Examines behaviour using narrative, being it in an already published form, through personal writing exercises on the day by participants, or by testing more gut-level reactions to certain words that might provoke pleasant or unpleasant responses.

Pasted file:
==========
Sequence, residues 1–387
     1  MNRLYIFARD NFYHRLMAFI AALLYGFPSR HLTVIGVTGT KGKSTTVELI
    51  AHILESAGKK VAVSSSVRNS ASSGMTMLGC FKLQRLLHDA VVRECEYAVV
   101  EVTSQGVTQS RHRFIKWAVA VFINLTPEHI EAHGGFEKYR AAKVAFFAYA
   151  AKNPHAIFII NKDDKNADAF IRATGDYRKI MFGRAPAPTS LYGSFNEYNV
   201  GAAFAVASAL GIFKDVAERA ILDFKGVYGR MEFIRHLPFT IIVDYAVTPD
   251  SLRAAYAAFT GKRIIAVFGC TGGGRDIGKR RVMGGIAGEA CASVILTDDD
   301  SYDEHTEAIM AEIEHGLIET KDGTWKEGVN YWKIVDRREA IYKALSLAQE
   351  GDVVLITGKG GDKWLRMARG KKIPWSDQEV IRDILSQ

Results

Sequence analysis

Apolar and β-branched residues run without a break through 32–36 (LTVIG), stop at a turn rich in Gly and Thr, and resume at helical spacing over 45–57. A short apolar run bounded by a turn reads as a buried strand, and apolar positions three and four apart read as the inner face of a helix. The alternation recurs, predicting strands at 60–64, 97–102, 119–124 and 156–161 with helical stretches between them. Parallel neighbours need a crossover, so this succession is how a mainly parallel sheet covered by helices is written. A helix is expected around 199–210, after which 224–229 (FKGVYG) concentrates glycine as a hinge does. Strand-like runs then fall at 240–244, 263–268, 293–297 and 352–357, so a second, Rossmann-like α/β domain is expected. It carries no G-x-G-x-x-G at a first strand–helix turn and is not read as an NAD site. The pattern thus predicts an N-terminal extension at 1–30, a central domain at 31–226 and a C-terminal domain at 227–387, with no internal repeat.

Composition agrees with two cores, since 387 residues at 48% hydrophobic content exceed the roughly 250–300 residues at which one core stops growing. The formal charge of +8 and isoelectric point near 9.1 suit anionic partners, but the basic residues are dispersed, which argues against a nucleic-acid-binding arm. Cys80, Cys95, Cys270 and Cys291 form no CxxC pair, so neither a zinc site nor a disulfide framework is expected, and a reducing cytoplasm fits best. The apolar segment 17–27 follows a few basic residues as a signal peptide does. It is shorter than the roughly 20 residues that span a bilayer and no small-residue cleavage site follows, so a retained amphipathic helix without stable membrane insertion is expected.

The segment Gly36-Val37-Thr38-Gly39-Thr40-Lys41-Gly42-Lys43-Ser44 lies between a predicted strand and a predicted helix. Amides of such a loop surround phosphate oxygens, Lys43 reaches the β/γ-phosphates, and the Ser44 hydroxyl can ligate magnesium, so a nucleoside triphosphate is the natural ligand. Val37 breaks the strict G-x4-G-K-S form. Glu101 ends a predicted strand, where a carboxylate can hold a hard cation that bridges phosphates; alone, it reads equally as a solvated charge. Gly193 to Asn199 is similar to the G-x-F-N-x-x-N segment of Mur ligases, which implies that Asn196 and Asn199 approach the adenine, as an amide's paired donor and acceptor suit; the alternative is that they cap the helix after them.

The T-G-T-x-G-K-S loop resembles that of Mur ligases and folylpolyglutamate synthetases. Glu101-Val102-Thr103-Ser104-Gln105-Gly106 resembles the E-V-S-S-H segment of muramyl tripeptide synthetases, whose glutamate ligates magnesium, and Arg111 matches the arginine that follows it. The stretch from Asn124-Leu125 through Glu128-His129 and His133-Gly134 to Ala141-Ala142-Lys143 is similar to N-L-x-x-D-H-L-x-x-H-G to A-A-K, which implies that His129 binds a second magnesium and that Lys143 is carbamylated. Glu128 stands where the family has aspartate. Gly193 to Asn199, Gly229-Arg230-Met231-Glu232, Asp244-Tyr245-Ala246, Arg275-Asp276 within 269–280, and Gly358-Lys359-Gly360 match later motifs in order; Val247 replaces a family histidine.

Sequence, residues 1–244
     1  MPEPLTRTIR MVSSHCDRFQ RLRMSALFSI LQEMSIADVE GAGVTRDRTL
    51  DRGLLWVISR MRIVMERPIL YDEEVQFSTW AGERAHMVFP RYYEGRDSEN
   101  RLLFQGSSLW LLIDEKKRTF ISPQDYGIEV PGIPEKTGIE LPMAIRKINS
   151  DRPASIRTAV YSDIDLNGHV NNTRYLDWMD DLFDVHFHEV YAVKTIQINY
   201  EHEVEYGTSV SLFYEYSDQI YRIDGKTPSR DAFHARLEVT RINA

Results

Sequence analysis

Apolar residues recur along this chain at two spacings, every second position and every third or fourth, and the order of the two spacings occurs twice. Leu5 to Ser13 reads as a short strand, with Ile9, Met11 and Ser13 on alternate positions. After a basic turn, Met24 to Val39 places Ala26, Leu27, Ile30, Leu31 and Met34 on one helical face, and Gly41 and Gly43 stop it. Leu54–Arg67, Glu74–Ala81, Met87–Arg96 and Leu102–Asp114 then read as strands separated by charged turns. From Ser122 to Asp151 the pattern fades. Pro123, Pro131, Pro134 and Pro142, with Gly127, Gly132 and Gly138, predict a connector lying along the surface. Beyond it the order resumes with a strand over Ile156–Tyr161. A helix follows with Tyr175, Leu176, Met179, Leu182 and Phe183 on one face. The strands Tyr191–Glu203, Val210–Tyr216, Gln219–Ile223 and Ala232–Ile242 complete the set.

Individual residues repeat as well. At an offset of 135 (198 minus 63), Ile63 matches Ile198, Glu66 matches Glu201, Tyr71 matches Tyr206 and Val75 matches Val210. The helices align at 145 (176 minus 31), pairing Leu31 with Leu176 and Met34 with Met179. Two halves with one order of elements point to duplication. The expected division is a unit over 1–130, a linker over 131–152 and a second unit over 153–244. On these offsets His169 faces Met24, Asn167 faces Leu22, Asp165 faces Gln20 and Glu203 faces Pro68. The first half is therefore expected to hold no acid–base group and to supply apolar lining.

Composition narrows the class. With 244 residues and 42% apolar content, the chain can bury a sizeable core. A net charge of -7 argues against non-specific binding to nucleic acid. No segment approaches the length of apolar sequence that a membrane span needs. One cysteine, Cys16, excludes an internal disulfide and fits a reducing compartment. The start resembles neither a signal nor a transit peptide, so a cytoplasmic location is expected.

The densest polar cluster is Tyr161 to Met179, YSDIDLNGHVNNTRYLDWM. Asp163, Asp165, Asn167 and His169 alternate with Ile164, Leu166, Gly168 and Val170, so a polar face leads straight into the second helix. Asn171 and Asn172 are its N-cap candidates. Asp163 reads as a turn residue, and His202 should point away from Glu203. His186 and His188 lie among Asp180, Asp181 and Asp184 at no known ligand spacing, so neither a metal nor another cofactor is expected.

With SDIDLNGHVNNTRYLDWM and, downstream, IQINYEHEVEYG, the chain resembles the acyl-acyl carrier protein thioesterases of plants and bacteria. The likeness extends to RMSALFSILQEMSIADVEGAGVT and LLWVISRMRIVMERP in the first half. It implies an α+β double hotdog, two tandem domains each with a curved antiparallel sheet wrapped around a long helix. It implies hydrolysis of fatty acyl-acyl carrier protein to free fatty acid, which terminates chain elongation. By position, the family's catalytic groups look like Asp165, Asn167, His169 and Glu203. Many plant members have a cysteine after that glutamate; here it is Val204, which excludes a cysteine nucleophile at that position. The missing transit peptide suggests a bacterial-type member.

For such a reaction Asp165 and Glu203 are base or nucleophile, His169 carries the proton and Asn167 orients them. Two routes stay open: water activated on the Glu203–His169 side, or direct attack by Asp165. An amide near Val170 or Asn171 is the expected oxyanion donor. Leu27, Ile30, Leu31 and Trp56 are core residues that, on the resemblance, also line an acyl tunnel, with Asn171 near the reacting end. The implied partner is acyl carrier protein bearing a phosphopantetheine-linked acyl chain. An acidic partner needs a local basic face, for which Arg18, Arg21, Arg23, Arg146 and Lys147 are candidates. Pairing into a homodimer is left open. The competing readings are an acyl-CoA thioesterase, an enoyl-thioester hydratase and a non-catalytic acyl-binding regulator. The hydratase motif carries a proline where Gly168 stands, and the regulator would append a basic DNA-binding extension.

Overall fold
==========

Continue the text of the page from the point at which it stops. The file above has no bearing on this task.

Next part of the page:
In psychology, narrative theories of identity consider that our personhood is assembled in a structured narration of our life in stories with some sense of direction: a beginning, a middle and an end (MacIntyre, 1985, 1990). The fact that we are storytelling animals, as Jonathan Gotchall so rightly puts it, means that literature represents a privileged source of information on the articulation of morality and emotion. There have been several studies that identified a link between reading fiction and an enhanced capacity for empathetic responses (Mar, Oatley, 2008, 2011; Johnson, 2012), although some researchers have claimed that empathy is not necessarily needed for moral judgment, and can even be potentially responsible for poor moral discernment (Prinz, 2011). A study published in Science by David Kidd and Emanuele Castano (2013) concluded that reading fiction improves the development of Theory of Mind (ToM), understood as the ability to “infer the full range of mental states (beliefs, desires, intentions, imagination, emotions, etc.) that cause action […] to be able to reflect on the contents of one’s own and other’s minds” (Baron-Cohen, 2001: 175). Other studies have suggested that we make different moral deliberations depending on whether we are judging something in our native language or in a foreign one (Geipel et al., 2015). Through a series of narratorial exercises, participants will explore the representational function of literature in the hope of better understanding our emotions and moral judgments.